After much waiting on 29 February 2012 the African National Congress (ANC) finally announced in the evening that ANC Youth League leader, Julius Malema, has been expelled from South Africa’s ruling party. Malema has been found guilty of portraying the ANC government and its leadership, under President Jacob Zuma, in a negative light and for propagating racism. The youth leader called for the change of government in neighbouring Botswana despite President Ian Khama being elected through a democratic process. Malema has also been found guilty of propagating racism or political intolerance for his utterances, at an election rally in Gaeleshewe, Kimberley in May 2011 when he said white South Africans should be treated as criminals for stealing land from black people.
While many youths seem to think it’s unusual for the ANC to get rid of ill-disciplined popular members in this manner, some may remember that on 30 September 1996, under the leadership of Nelson Mandela, Bantu Holomisa was expelled from the ANC by unanimous decision of the ANC National Executive Committee. Holomisa had been an ANC member for a very brief period, joining the organisation in 1994. Yet, in that year, he had emerged from the December National Conference as one of the most popular leaders of the organisation. On 24 September 1996, The Star newspaper reported that Holomisa did not understand political debate and South Africa’s broader political realities and thus could not function within a “progressive” organisation such as South Africa’s ruling party.
Like Malema, Holomisa was a populist and many seemed to love him, but his popularity fed his arrogance and he started to publicly state what his dislikes were in the party he had only joined as South Africa gained democracy two years prior. He said he was unhappy that he was only given a Deputy Minister's post in the new democratic government. He began to feel that he was above the organisation, and that his popularity made him "untouchable" – much like Malema. Holomisa then became a casualty of a disciplinary hearing. He then left to form his own United Democratic Movement (UDM) which seemed popular for a while as its rallies would attract many who would come by buses, especially in KwaZulu-Natal and the Eastern Cape. But soon it showed that millions of South Africans were, as they are today, loyal to the ANC. Many of those who’d left with Holomisa started trekking back to where they had come from.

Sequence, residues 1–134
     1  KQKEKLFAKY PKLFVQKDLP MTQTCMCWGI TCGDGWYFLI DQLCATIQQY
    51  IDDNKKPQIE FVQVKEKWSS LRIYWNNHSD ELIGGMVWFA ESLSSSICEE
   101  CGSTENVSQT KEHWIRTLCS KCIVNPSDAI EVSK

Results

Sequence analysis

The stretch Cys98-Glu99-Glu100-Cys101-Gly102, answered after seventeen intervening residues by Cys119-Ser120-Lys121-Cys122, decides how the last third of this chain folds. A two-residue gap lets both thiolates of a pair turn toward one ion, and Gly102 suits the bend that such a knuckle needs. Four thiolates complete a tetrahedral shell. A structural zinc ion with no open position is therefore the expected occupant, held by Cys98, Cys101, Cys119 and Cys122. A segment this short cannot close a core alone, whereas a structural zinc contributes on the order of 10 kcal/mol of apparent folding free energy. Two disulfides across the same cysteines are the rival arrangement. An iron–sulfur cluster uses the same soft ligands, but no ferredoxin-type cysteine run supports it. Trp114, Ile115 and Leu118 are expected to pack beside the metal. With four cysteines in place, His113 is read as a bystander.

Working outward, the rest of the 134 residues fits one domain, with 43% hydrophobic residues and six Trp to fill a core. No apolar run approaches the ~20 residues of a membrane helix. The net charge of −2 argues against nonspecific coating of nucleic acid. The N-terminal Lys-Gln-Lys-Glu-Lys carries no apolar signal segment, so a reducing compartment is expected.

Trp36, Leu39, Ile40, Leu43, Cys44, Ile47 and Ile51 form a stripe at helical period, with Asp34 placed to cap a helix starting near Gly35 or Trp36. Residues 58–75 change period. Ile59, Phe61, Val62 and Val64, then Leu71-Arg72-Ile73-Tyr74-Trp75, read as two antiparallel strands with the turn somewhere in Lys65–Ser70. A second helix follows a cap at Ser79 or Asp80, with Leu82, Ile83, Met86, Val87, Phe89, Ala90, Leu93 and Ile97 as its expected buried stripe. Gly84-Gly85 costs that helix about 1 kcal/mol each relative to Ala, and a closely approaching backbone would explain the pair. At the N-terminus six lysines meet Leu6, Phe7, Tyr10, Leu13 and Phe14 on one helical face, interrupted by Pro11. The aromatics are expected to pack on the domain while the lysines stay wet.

So early on in South Africa’s democracy the African National Congress was proving that it does not take kindly to members who challenge its leadership and party policies. Unlike Holomisa, Malema is trying to defend himself by appealing and claiming that the charges were “politically motivated”. During his mitigation hearing the National Disciplinary Committe rejected his claim.
"The NDC finding, which was confirmed by the NDC of appeals, was that comrade Malema had publicly expressed his personal views in contravention of ANC policy, thereby sowing divisions within the organisation and bringing the organisation into disrepute," it said. Perhaps Malema realised that being fired from the ANC is not good for his political career, he stands a chance of going from the strong and influential politician to nobody.
If Malema was indeed trying to create divisions within the party, then this would not have been the first time it would have happened. In a more recent history, in Polokwane in 2007, it became clear that the ANC had two camps at its elective conference. The current South African President, Jacob Zuma, emerged victor over former president, Thabo Mbeki, who had just been removed months earlier as state president. Many who had held high position under the Mbeki leadership at the party lost their posts as well. Two of those were Mosiuoa Lekota and Mbhazima Shilowa who, like Holomisa had done previously, went on to start their own party which they called the Congress of the People (COPE). The name echoes the 1955 Congress of the People at which the Freedom Charter was adopted by the ANC and other parties, a name strongly contested by the ANC in a legal move which was dismissed by the Pretoria High Court. COPE contested the 2009 general elections and received 7.42% of the vote despite only a few months of existence.
Thereafter the two leaders of the new party started a bitter public feud which tarnished the image of the organisation and many who had left the ANC for the new organisation quickly called press conferences, announcing their return to South Africa’s ruling party - again a story similar to that of Holomisa’s UDM in the 1990s.
These are just two examples of how recent history has shown that those who decide to question authority in the ANC and those who leave the party thinking their popularity will find them success elsewhere often fail dismally. It also shows that party leadership is always bigger than popular individuals and they can remove them prematurely through disciplinary processes or wait for elective conferences to get rid of them. As Malema might appeal the latest decision again, history must be a worrying factor for him as it shows that he will most likely lose yet again and his supporters will stay with the ANC despite his expulsion.